The finest ass in catering

It was the night of the already legendary game of Belgium against Brazil. While the whole country was cheering for the Red Devils, I went out to dinner. What else can you do as a food critic?

Despite every self-respecting Belgian watching the football WC, there were three other parties at Le Zoute Zoen. This refined restaurant in the Zirkstraat, a street off the Lange Koepoortstraat, invited me in a black and white interior inspired by Paris. I entered through white doors, saw chandeliers hanging from the ceiling, and was ushered past a black cutlery cupboard to a table by the window.

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At that time, the windows were opened, allowing for a gentle breeze (and football fan cheers). Furthermore, the walls opposite the door were lined with shelves that displayed books, bottles of water, and (I suspect) apothecary equipment.

Although I wasn’t the restaurant’s only customer, football was never far removed. On one table, the male head of the family was keeping an eye on the score while on another table, the male half of a couple was following the game on his smartphone, even though he was there to celebrate his girlfriend’s birthday. At least the man had the decency to place his smartphone in such a way that his girlfriend could watch along with him.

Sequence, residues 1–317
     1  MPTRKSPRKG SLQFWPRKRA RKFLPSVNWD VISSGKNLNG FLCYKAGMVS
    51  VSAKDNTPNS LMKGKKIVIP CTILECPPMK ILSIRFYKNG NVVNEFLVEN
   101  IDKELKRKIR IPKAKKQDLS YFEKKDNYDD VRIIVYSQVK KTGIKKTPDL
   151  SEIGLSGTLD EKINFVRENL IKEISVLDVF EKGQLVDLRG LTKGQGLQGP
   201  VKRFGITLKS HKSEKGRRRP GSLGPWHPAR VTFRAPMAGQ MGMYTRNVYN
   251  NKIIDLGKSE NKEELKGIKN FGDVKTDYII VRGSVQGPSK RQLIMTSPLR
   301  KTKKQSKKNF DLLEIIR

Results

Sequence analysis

All night I was served in a friendly way by business manager William Loonen. His performance was a cross between servitude and familiarity. Despite his elaborate knowledge of wine, the explanation about the red Fonbadet wine was lost on me, because I’m already happy when I see a Merlot or Bordeaux and don’t have to force some sour grape extract down my throat that some Antwerp bars dare pass for wine.

As an appetizer, homemade hummus with focaccia and a ham and pistachios cone were brought out. The hummus was spicy and the nuts on top added the necessary bite to the soft hummus. The cone was presented in a fun bowl with nuts and I have to admit I did indeed try to eat the nuts like a moron. Moreover, the cone was nice and salty.

Homemade hummus with focaccia and a ham and pistachios cone

After the appetite had been stimulated, I ordered the Kiss menu, a three-course meal at the affordable price of €39 ($45.59). Of the Kiss menu, I chose the vegetarian first course: Burrata from Puglia with tomato varieties, chives cream, garden herb sorbet, and focaccia. Burrata is an Italian cheese made from mozzarella and cream. Despite this first course containing many liquid elements, I was not automatically given a spoon.

Burrata from Puglia with tomato varieties, chives cream, garden herb sorbet, and focaccia

William cared to inform me that one of the tomato varieties was a consommé and another was sweet tomato. The former added a salty element to the dish, but the sweet tomato reminded me more of salsa. The sun-dried tomatoes were a delicious variety, though. The Burrata was seasoned mildly with garden herbs, making the tomatoes and chives cream, which added some oomph, essential additions.

After the first course, I was given an in-between snack, but William unfortunately couldn’t remember what it had been seasoned with. Luckily, chef Lars Block was near, chatting to the couple watching the Belgium-Brazil game. The chef recalled that the snack (a pimped chicken nugget prepared with buttermilk) had been sprinkled with Chipotle seasoning.